Marginal Revolution: "What's Wrong With You?": Don't get sick anywhere but at home:

...doctors in Tanzania complete less than a quarter of the essential checklist for patients with classic symptoms of malaria, a disease that kills 63,000-96,000 Tanzanians each year.  The public-sector doctor in India asks one (and only one) question in the average interaction: "What's wrong with you?".  In Paraguay, the amount of time a doctor spends with a patient has nothing to do with the severity of the patient's illness...these isolated facts represent common patterns...three years of medical school in Tanzania result in only a 1 percentage point increase in the probability of a correct diagnosis...One concern with measuring doctor effort through direct observation is that the doctor may work harder in the presence of the research team.

That is from "The Quality of Medical Advice in Low-Income Countries," by Jishnu Das, Jeffrey Hammer, and Kenneth Leonard, in the Spring 2008 issue of the Journal of Economic Perspectives...

Washington Post Death Spiral Watch (David Broder Edition)

Glenn Greenwald reminds us of the contrast between David Broder and David Broder:

David Broder, June 2008, on George W. Bush: You'll have to forgive me, but I am reluctant to see every big policy dispute [like Bush's lies about Iraq] turned into a criminal or impeachable affair. There needs to be accountability but there also needs to be proportionality. This country is engaged in two wars.... To stop everything and attempt to impeach and remove a president who has less than a year to serve would not strike me as the best use of our energy...

David Broder, September 2006, on William J. Clinton: My view... was that when President Clinton admitted he had lied [about Monica Lewinsky] to his Cabinet and his closest associates, to say nothing of the public, that the honorable thing was for him to have resigned... What bothered me greatly about his actions was... what he told the Cabinet, his White House staff... [a]nd he told the same lie to the American people. When a president loses his credibility, he loses an important tool for governing -- and that is why I thought he should step down...

In David Broder's world, it's OK if you are a Republican.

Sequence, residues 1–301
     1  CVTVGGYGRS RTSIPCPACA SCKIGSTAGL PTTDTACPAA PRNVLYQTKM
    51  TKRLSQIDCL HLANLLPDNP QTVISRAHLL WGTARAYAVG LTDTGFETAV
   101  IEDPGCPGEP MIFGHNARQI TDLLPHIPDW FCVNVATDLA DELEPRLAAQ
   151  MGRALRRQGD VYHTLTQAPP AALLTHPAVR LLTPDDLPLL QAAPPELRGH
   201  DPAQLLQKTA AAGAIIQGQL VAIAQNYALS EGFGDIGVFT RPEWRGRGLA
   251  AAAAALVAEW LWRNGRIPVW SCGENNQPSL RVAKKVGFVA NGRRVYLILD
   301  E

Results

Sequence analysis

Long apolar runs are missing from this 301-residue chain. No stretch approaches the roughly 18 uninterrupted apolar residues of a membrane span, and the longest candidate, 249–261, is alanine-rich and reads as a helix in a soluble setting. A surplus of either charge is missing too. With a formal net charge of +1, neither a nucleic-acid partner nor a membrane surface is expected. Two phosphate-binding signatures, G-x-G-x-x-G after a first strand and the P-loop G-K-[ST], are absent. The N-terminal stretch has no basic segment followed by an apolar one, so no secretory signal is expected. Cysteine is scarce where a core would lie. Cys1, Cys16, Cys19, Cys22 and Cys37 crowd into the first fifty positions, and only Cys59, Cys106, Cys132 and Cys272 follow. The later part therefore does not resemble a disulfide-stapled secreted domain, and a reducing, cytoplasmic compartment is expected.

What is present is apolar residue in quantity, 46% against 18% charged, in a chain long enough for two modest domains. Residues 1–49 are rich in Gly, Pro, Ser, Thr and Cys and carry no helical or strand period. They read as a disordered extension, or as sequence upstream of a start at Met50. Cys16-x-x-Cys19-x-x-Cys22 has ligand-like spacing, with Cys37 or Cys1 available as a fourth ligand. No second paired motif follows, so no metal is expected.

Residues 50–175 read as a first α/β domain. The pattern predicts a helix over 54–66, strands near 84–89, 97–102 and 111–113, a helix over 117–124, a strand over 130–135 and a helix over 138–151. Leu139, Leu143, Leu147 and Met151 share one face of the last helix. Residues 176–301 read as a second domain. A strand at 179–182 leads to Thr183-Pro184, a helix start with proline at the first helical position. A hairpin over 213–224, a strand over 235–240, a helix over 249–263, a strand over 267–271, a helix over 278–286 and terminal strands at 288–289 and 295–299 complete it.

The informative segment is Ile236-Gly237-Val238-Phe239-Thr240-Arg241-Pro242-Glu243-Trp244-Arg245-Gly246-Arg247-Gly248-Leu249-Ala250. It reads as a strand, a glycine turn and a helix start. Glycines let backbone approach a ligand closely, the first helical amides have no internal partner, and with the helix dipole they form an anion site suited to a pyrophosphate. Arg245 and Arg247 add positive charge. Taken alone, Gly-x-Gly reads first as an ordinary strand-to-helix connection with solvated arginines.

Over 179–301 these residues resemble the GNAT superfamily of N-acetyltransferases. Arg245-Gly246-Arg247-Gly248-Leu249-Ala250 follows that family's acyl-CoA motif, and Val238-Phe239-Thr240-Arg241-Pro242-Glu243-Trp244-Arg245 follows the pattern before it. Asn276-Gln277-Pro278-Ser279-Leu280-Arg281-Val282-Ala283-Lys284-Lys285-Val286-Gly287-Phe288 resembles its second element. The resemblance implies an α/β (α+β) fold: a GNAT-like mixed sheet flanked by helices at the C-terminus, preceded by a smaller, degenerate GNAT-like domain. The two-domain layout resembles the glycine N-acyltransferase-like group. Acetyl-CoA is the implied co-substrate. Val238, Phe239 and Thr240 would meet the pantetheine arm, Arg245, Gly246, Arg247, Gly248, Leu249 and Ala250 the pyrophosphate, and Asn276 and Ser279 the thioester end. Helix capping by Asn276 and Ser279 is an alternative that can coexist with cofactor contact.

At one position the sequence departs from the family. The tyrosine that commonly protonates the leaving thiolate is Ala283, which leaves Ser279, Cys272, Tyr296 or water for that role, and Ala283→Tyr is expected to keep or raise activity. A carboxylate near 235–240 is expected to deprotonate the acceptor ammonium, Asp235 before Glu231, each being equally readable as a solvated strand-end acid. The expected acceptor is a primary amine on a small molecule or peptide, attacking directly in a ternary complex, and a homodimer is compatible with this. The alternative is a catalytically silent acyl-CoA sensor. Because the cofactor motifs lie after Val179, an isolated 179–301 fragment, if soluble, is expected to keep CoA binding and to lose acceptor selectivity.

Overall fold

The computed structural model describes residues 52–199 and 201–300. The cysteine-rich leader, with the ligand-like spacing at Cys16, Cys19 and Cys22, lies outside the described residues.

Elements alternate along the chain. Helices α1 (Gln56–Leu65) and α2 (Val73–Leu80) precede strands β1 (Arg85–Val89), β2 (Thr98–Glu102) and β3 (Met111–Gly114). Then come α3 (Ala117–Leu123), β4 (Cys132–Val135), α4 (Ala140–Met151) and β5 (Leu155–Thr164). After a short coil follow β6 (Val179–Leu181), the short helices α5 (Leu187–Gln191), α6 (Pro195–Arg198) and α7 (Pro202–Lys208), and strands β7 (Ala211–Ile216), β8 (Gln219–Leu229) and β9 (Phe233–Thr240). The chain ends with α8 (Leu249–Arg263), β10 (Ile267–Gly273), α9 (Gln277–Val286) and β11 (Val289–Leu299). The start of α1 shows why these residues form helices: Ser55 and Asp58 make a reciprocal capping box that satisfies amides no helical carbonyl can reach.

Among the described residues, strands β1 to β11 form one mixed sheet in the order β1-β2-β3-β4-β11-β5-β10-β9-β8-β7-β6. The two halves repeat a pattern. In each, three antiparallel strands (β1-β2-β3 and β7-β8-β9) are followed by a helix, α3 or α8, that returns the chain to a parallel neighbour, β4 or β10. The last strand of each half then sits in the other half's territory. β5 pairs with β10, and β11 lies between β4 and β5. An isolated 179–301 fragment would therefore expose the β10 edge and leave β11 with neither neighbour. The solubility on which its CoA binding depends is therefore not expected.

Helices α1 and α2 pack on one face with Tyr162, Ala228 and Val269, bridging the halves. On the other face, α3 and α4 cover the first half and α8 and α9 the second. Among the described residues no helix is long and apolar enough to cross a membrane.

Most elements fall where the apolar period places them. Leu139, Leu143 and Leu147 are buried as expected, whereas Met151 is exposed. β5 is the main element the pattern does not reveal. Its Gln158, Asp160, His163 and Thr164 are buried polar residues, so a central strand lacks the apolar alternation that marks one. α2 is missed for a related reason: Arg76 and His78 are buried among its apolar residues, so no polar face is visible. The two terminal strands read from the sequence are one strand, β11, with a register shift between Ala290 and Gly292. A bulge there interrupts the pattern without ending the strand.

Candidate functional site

Glenn Greenwald comments:

No matter how many times one sees it, it will never cease to amaze that the exact same media mavens who righteously strutted around demanding that Bill Clinton be impeached or forced to resign because the "honor" of our political system demanded that continue casually to dismiss every crime of the last seven years as nothing more than a garden-variety, good faith "policy dispute" which only shrill rabble want to see "turned into a criminal or impeachable affair."... [T]he Senate issues a report documenting that the President and Vice President repeatedly made false statements to induce the citizenry to support a war against another country that has left hundreds of thousands of people dead for no reason -- added on to the piles of outright lawbreaking under this administration -- and to David Broder, those are just mere "policy disputes" which (unlike Bill Clinton's grave crimes) merit no punishment.

Four years, at most, for the Washington Post. Four years.

Political Misogyny

"Ogged" (whom I still have never met in person, in spite of Scott Eric Kauffman's and Tedra Osell's attempts to convince me that he is not personally dangerous) makes a good observation:

Unfogged: Not watching cable news, and not reading any feminist blogs regularly, my appreciation of the misogyny Hillary Clinton faced was mostly abstract and I was a little surprised at the intensity of the anger some women were expressing over her treatment. I don't want to get into another argument about why she lost, etc. etc. Just watch the compilation below to get a better sense of where some people are coming from.

Will Wilkinson Tells Me I Am a Friedmanite

He is largely--but not completely--correct:

Will Wilkinson / The Fly Bottle » Blog Archive » Liberaltarianism: Back the Future: Here are the sort of political/economic thinkers whose substantive views I find most congenial: Friedrich Hayek, Milton Friedman, James M. Buchanan. If I tell most highly-educated people that these are the thinkers whose views of desirable institutions are most like mine, they might infer that I am some kind of rabid libertarian ideologue. But when I actually defend something like the arguments for an economic safety net each of these giants of libertarian thought actually set forth, lots of libertarians accuse me of not really being libertarian at all. And many liberals act surprised, as if I’m being saucily iconoclastic by wandering so far off the reservation. I can tell them that Hayek was actually in favor of a guaranteed minimum income and that Friedman basically invented the idea behind the EITC, but they’ll still think I’m some kind of congenial squish. But what I am is a market liberal just like Hayek, Friedman, and Buchanan — the same intellectual role models who make me a rabid libertarian ideologue. So, which is it?

Frankly, “liberaltarianism” and “progressive fusionism” don’t really amount to much beyond what Hayek, Friedman, and Buchanan thought anyway. So the fusionism here isn’t really a fusion of anything. It’s just seeing our way back to a pre-existing economically literate political liberalism.